Following a trend present throughout the sports world, CBD is being pushed into the spotlight by ex-NFL players (with one prominent example being former star running back Terrell Davis, who recently released his own line of infused sports drinks). Unlike other sports, however, the stakes are often higher — in some cases, it’s even a matter of life or death.
Before ex-Rams offensive tackle Kyle Turley found CBD, he was subject to unpredictable rages and suicidal urges, his mind ripped asunder by the sport he loved. His health problems dated back to a 2003 regular season game against the Green Bay Packers, when he left the game with a concussion. He remained unconscious for an unspecified period of time. After the game, his wife took him to the hospital, where a scan revealed two dark masses on his brain.
Two days later, he was back at practice, blocking full-speed rushes from a fellow player. “Just to see if I could stay conscious,” Turley told Sports Illustrated. “That was the test back then.” He didn’t miss a game, and finished the season, but his health problems continued to mount.
At the end of the season he was cut from the team, and started working toward an unsuccessful comeback. Doctors thought he had sustained brain damage. His painkiller intake, never light in his playing days when “pain pills were just being handed out, it was almost encouraged,” began to increase.
When he finally found CBD, it was a turning point. In 2015, he founded Neuro XPF, a CBD producer that sold for $10 million in 2018. According to the Sports Illustrated story, Turley “believes CBD can save the world.”
Or at least the NFL. The moment seems to have arrived for the league to figure out a better solution to its pain problem. As reported by CNN, in 2015 a complaint was filed on behalf of 1,800 former NFL players against all 32 teams, alleging that team doctors and trainers freely supply painkillers to players in an attempt to keep them playing, and that teams “maintain the return to play or practice policy by ensuring that players are not told of the health risks associated with taking medications.”
Included in the complaint is the testimony of the widow of former Raven Charles Evans, detailing how Evans would receive unlabeled envelopes full of Motrin and Percocet from the team’s trainers. Post-retirement, he continued to receive these drugs, feeding an addiction that may have led to the enlarged heart that killed him. According to the American Heart Association, regular use of anti-inflammatories can increase the risk of heart attack and stroke from 10 percent to 50 percent.
According to the complaint, in 2012, teams prescribed 5,777 doses of anti-inflammatories and 2,270 doses of narcotic painkillers on average. Broken down over 53 players, players received an average of 150 doses of painkillers each.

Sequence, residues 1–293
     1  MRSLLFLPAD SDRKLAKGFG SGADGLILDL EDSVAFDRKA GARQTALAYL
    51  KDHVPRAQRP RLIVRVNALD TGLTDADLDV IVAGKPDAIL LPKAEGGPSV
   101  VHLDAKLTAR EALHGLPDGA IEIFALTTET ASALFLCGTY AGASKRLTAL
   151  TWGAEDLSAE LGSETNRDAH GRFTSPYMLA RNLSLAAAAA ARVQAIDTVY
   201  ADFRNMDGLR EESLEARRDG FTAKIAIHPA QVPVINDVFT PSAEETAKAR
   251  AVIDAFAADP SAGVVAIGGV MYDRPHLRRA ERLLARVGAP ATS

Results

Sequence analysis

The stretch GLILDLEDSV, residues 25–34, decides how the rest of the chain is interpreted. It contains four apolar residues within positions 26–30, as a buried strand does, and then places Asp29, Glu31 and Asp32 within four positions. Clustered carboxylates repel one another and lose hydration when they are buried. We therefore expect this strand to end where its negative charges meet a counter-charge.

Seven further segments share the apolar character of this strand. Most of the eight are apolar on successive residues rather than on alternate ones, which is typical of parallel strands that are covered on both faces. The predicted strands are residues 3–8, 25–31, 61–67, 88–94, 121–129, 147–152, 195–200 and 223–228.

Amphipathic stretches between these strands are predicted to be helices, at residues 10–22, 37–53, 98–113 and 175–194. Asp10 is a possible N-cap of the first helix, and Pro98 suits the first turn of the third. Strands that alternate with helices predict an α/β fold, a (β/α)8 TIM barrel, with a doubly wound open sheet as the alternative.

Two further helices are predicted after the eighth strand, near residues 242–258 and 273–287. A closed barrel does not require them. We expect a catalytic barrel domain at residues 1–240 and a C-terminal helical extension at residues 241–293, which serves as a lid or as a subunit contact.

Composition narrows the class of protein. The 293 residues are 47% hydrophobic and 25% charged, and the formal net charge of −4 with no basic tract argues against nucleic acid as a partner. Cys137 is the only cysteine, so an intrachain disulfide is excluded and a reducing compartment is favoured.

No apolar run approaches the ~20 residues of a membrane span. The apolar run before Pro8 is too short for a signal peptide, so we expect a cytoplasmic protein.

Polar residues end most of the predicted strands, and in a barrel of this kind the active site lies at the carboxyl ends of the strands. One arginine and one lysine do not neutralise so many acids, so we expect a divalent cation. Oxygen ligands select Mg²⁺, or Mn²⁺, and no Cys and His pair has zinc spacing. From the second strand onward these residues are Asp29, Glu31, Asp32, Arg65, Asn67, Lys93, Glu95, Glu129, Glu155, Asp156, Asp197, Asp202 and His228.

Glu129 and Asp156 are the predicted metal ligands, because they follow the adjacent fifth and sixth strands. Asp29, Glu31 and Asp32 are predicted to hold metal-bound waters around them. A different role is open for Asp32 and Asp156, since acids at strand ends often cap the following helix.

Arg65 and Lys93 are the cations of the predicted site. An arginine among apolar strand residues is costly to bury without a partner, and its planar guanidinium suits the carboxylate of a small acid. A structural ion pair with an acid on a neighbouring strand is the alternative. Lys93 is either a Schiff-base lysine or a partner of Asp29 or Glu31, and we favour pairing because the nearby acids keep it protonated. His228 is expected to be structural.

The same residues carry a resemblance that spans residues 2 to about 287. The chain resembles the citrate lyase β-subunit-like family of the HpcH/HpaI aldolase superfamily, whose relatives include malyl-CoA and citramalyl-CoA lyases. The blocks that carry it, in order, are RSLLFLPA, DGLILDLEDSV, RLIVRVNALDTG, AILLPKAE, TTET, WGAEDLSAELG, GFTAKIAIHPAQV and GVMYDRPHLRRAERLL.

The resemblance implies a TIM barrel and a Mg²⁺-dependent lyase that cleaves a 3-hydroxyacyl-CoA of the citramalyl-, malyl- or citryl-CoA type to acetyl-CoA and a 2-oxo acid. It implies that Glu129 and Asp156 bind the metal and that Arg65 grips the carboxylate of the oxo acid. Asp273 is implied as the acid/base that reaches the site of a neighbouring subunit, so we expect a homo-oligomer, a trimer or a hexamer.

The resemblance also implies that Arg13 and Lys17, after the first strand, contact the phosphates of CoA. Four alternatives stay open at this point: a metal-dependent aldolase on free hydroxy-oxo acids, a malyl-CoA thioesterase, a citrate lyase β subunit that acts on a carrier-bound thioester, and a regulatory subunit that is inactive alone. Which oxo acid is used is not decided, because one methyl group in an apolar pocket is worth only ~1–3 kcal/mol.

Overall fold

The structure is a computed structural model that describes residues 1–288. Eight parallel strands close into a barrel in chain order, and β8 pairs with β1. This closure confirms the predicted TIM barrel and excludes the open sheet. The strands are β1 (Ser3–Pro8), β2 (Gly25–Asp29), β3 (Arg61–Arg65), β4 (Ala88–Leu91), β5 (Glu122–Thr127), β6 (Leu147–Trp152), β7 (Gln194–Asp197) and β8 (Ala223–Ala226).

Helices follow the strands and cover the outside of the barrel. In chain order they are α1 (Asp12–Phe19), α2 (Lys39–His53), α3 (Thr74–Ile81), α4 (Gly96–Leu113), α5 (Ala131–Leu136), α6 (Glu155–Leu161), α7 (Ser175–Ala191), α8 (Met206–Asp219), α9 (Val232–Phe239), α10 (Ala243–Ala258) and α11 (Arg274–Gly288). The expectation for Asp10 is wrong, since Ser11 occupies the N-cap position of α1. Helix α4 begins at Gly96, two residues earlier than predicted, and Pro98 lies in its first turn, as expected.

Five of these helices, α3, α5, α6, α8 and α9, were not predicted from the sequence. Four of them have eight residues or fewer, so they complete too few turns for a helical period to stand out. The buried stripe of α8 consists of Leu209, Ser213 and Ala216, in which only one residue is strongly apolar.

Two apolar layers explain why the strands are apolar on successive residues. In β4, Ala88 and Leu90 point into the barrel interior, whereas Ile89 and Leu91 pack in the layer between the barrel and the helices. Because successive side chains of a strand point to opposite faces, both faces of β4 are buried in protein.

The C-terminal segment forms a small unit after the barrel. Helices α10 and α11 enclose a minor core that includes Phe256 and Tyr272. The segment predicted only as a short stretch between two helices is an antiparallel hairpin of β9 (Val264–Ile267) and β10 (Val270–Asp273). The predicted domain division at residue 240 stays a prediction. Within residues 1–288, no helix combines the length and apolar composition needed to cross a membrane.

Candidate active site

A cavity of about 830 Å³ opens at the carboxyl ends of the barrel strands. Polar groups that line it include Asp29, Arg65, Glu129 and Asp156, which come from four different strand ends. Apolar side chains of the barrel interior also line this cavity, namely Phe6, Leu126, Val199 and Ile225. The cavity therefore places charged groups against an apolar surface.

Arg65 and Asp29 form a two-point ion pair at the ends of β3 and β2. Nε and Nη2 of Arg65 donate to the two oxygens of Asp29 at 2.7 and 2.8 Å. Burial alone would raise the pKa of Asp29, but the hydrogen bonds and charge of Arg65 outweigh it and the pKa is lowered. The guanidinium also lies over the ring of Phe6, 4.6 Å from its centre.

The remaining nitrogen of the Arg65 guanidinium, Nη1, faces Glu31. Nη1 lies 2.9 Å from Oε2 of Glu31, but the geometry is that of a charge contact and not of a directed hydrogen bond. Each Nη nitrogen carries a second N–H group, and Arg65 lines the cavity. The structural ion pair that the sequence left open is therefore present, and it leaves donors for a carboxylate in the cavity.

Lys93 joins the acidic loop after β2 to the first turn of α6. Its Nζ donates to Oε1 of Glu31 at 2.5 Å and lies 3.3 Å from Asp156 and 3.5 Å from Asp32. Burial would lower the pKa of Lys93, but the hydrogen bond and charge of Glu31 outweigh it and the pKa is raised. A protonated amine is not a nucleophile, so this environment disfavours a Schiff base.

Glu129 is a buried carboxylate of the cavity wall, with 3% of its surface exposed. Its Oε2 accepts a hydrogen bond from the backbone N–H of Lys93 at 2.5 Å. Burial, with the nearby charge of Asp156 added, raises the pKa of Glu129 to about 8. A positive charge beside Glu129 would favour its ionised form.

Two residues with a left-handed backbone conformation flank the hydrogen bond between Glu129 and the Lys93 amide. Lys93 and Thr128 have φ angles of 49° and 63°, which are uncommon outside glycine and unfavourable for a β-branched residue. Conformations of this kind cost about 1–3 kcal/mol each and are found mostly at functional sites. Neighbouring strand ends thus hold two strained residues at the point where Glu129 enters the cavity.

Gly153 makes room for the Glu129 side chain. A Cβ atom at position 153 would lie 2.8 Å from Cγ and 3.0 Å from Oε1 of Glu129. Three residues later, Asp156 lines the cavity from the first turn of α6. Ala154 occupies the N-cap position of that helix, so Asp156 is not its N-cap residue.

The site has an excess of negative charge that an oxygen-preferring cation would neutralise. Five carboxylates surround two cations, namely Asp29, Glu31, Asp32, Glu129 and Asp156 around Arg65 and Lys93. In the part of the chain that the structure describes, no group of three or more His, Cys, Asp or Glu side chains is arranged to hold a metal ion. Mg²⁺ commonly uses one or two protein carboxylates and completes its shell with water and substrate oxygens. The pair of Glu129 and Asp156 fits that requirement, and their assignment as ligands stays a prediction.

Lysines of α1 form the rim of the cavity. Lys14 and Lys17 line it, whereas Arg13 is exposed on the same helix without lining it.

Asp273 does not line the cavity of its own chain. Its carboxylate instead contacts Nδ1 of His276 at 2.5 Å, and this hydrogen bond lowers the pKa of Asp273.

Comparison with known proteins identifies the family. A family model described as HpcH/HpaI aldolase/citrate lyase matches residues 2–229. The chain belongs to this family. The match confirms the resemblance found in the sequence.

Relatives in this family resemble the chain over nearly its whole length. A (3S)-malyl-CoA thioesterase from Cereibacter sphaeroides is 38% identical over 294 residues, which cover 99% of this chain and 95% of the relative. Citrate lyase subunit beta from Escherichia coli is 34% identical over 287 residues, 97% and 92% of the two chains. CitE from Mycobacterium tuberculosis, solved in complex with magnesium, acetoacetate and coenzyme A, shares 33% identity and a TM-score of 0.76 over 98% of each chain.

Growing awareness of the dangers of these painkillers, both to football players and the general population, has led a number of medical experts to suggest that CBD could be an attractive alternative. As Dr. Shereef Elnahal, commissioner of the Department of Health in New Jersey, told Consumer Reports, “CBD has promising effects on pain, which could make it an effective substitute for opioids.”
But non-addictive pain relief isn’t the only potential benefit CBD may hold for football players. In particular, the link between the sport and degenerative brain disorders like chronic traumatic encephalopathy (CTE) has become too strong in recent years for even the most diehard football fans to deny.
In 2017, a Boston University study found that 110 out of 111 brains of former NFL players donated for study had CTE. The disorder can manifest in symptoms like confusion, memory loss, impulse control issues, aggression, depression, suicidal thoughts, and progressive dementia.
While research into CBD’s potential effects on brain injuries is still nascent, some intriguing evidence suggests it could have much to offer. In 1998, a study published in the Proceedings of the National Academy of Sciences of the United States of America found that CBD could “protect against neuronal injury” while “[reducing] the occurrence of toxicity or side effects” common to other medications.
The study was so promising that the U.S. government filed a patent on CBD’s use for this purpose (along with other cannabinoids) the very same year. According to the patent, CBD can reduce “neurological damage following … stroke or trauma.”
In the view of cannabis expert Dr. Allan Frankel, this makes CBD an obvious answer for the NFL’s brain injury problem, as he told The Postgame.
“We know it helps healing concussions and so many other disorders, why in the world would we not give CBD to our professional athletes?,” Frankel said. “To me, we’re going to be looking back at this, and history is going to show that the right path was putting people that are batting their heads against other[s ]… on CBD is the most rational thing we could think of.”
“Currently, if you’re a soldier in Israel and you have a head injury in the battlefield, you get CBD on the battlefield.”
Soon, a similar solution could be coming to the American gridiron.